The Zookeeper’s Wife: Film Review

By Linda Marric

When it comes to films about people doing heroic deeds during WWII, it becomes impossible to review the film without taking into account the real people behind these truly harrowing stories. Based on a non-fiction book by Diane Ackerman, The Zookeeper’s Wife tells the story of a couple who bravely put their own lives in harms way to save over 300 Polish Jews from certain death by hiding them in their zoo.

Directed by Niki Caro, the film chronicles the lives of Antonina (Jessica Chastain) and Jan (Johan Heldenbergh) Żabiński during the German occupation of Warsaw, and the heartbreak they suffered after their modest zoo was commandeered by the occupation army and its animals either shot in cold blood or taken back to Germany to populate Hitler’s own Zoos. From a screenplay by Angela Workman, The Zookeeper’s Wife offers a fairly uncomplicated story, which is seemingly pretty close to that of the original source material. Chastain’s heartbreakingly honest portrayal of Antonina is as beautifully nuanced as it is subtle. The couple’s lives are turned upside down over night when gentle and caring Jan must hand his pride and joy to sadistic German army officer Lutz Heck (Daniel Brühl), who has also set his sight on Antonina. After a visit to the ghetto where most of Warsaw’s Jewish population is being kept, Jan is horrified at what he has seen and heard. Driven by a sense of duty towards his and Antonina’s Jewish friends and neighbours, he decides to help as many of them escape as he can.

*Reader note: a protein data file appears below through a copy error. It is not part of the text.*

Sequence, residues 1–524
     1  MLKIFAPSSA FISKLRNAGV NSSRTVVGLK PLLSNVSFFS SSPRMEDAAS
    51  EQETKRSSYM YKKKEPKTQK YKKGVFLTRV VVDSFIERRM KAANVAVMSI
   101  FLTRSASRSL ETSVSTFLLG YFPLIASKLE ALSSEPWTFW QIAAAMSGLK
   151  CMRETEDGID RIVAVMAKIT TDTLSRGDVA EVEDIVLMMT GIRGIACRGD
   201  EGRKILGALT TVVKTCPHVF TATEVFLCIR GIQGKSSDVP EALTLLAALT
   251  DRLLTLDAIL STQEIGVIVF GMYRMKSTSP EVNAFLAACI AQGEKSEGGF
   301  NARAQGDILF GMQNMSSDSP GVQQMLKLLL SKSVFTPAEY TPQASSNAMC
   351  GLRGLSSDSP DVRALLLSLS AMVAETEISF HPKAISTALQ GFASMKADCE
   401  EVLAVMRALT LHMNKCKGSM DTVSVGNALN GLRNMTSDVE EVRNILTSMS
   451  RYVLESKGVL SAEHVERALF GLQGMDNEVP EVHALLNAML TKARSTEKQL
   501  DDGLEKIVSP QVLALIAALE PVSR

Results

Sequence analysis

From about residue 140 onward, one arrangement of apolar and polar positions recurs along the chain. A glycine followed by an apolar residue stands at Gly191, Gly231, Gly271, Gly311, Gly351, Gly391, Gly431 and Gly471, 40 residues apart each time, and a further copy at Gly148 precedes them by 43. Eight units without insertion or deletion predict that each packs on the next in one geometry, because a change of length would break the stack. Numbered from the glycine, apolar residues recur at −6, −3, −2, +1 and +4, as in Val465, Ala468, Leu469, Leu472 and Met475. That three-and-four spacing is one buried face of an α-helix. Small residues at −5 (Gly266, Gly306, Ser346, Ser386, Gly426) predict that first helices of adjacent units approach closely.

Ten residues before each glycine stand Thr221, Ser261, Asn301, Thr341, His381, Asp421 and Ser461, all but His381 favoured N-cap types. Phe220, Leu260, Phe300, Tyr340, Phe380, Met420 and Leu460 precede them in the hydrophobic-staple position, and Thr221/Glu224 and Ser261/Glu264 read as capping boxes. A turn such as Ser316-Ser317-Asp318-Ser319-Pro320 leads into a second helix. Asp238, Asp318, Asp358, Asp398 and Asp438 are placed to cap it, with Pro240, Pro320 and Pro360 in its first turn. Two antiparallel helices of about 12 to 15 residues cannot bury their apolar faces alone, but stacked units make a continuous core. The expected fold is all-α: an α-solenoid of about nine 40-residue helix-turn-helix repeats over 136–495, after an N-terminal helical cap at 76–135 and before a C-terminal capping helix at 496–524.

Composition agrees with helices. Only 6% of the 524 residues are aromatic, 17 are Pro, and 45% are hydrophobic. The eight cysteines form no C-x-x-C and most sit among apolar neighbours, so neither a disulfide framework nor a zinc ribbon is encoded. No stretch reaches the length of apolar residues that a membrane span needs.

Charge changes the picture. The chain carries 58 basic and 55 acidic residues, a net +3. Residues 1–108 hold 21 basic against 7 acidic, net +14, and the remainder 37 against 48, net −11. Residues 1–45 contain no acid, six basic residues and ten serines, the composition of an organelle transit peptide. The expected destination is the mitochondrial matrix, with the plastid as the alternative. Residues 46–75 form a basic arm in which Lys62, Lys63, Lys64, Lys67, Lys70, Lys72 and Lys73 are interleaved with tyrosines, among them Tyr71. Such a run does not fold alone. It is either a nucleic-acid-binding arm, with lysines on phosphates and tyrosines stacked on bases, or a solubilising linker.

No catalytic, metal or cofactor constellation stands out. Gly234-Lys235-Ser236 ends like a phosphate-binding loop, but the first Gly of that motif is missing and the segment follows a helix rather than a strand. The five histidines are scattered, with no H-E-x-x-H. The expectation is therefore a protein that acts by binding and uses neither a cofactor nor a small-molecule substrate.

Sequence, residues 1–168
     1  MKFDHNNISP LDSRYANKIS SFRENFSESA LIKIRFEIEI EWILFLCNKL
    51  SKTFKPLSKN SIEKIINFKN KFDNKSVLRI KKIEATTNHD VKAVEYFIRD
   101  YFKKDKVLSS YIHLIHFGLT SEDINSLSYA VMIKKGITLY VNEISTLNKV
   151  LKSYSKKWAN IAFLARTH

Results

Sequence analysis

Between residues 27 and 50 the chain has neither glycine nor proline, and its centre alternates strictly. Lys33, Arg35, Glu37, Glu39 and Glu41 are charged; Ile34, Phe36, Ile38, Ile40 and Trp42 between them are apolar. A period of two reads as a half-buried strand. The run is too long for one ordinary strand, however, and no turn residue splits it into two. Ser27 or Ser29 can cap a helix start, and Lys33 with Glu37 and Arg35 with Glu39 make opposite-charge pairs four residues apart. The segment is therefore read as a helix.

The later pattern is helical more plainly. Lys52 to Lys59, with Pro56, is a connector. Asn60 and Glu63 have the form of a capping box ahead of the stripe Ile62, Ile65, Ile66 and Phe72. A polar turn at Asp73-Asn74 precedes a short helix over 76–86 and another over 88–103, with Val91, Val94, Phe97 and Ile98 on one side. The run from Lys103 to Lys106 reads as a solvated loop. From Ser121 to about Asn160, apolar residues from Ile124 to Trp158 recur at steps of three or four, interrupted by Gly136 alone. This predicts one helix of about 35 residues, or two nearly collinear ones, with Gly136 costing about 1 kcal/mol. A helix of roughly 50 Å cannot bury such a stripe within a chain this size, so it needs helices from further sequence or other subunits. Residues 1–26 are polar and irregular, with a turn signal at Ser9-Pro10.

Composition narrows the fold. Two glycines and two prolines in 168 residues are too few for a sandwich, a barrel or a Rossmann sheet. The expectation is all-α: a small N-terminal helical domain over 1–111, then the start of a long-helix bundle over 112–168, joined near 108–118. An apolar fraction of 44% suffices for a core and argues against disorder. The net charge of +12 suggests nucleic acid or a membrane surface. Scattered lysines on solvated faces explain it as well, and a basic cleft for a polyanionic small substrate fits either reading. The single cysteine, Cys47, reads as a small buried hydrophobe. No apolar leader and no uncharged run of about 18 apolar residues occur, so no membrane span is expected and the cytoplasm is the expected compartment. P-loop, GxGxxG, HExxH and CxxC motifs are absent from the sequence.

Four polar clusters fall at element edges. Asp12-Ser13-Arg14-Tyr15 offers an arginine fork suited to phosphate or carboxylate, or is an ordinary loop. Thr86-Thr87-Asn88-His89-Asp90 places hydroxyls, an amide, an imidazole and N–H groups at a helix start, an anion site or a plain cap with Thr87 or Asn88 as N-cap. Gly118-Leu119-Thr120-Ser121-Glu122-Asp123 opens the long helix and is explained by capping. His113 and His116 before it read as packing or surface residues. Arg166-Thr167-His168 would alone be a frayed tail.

There are things about the film which as a viewer you would want to admire, but sadly the whole thing is rather flawed and ends up looking like a cheap “made for TV” project. Putting the very worthy message of the film to one side, The Zoo Keeper’s Wife seems very stagey and almost goes through the motions in getting from A to B. People do exactly what is expected of them without ever veering off from the narrative.

Although heartening and deeply moving, the Zookeeper’s Wife has none of the solemn subtlties of Schindler’s List (Steven Spielberg, 1993) or of The Boy In Striped Pyjamas (Mark Herman, 2008). However, this is in no way the worst thing about the film, perhaps the most jarring aspect of this production is the odd choice of having the English speaking cast talk with in a polish accent. This device, which we have seen used in other films before, adds nothing of value to the story, and dramatically can even take away from its ability to convey what happened in the most honest way possible. Although beautifully acted and masterfully directed, The Zookeeper’s Wife feels a little too laboured and staged. The story itself is moving beyond words, but if you are after something more cinematic, you might feel a little bit let down..

The Zookeeper’s Wife is on general release from Friday 21st April.

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